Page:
Consensus Protocol

Decentralize the Infrastructure

The consensus protocol in a decentralized system ensures the integrity of the network, allowing permissionless participation without the possibility of fraudulent activities. The consensus protocol is the most important component in any decentralized system, since it is where "decentralization" comes from.

The hardest part about the consensus protocol design is that Everyone Could Be Malicious. If a leader is selected, the leader could be malicious. If validators are chosen, the validators could be malicious. The goal of every participant is the same: maximizing the income while at the same time reducing the cost as much as possible. If vulnerability exists, even a minor one, it will be exploited, resulting in the losses for the honest participants. This situation can compel these participants to exit the network, leading to a network downfall eventually.

For example, consider a scenario in Crynux Network, where a malicious node submits a random image to the network without actually performing any computation. If we rely on the user to detect this fraud, allowing them to withhold payment until they have verified the result, it opens a loophole. A dishonest user could exploit this by denying all payments, effectively using the network services without paying.

The consensus protocol in the Crynux Network aims to verify the correctness of a task's output based on its input arguments. Additionally, it ensures that the node submitting the correct result gets the payment.

The consensus protocol must be enforced by the blockchain, which eliminates the need for a centralized authority. This decentralized approach safeguards against potential abuse of power by removing the temptation for any single party to cheat, given their control.

Verifiable Secret Sampling (VSS) of Validation Tasks

When the application sends a task to the blockchain, the blockchain will decide whether to validate the task based on a pre-defined probability (e.g., 10%). If chosen for validation, the task is sent to 3 nodes for independent execution. The computation results from all 3 nodes will be cross-validated on-chain to prevent cheating. If a node submits a fake result, it will be punished by slashing its staked tokens on the blockchain.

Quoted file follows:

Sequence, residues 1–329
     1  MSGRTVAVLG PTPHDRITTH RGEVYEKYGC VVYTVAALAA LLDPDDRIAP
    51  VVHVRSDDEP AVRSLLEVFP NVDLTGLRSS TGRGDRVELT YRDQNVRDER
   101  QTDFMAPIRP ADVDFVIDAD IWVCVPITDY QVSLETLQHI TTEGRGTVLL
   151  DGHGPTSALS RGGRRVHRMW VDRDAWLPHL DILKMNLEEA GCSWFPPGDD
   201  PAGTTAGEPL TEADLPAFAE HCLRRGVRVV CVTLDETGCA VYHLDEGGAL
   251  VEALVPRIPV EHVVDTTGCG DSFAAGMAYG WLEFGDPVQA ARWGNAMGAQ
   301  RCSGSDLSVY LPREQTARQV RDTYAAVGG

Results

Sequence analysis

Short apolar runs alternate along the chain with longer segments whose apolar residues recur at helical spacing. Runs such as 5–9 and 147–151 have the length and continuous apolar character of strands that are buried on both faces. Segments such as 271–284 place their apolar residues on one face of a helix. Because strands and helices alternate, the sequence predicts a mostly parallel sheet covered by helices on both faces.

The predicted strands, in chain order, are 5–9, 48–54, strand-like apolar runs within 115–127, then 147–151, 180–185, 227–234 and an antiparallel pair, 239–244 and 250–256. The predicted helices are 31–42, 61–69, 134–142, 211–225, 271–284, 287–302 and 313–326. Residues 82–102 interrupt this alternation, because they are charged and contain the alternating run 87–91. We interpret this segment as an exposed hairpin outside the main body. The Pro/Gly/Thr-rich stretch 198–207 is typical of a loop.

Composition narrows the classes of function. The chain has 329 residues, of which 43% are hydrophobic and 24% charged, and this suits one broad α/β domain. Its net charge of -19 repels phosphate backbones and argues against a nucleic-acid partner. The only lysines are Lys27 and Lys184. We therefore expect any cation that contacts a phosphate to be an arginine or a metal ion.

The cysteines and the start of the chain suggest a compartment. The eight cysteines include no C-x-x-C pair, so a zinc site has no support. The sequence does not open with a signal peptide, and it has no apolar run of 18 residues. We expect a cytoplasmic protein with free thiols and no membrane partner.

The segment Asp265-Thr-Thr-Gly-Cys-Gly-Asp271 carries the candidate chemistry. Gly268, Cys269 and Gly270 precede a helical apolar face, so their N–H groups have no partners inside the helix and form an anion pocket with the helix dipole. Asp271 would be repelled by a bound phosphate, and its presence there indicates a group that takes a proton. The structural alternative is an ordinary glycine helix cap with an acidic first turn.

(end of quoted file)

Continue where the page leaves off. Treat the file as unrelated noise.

The random sampling result should be kept secret from nodes until they submit their computation results. If a node knows in advance whether a task will be validated, it could cheat by submitting fake results for tasks that won't be validated.

Hiding the random sampling process from the public while keeping it verifiable on-chain is a challenging task, given that all data on the blockchain is public and transparent. Crynux achieved this using a combination of VRF (Verifiable Random Function) and ZKP (Zero-Knowledge Proofs).

Comparing to validating all the tasks on chain, the secret task sampling significantly enhances network efficiency, rivaling centralized platforms while remaining decentralized and permissionless by effectively preventing fraudulent activities. Please find the details of the sampling algorithm in the following document:

Verifiable Secret Sampling

Task Validation by Multiple Result Comparison

Similarity Comparison of the Images

Due to some technical limitations, such as this ,and this. It is currently impossible to generate two exactly same images on two different devices.